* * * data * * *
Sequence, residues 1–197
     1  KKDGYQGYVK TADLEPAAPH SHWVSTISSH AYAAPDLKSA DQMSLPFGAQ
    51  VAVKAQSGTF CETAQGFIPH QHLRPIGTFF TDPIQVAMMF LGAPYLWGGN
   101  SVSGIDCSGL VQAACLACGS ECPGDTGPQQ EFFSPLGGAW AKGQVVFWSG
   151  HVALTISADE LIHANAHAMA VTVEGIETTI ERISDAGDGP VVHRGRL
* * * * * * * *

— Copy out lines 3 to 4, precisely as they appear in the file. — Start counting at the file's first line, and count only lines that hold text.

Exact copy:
    51  VAVKAQSGTF CETAQGFIPH QHLRPIGTFF TDPIQVAMMF LGAPYLWGGN
   101  SVSGIDCSGL VQAACLACGS ECPGDTGPQQ EFFSPLGGAW AKGQVVFWSG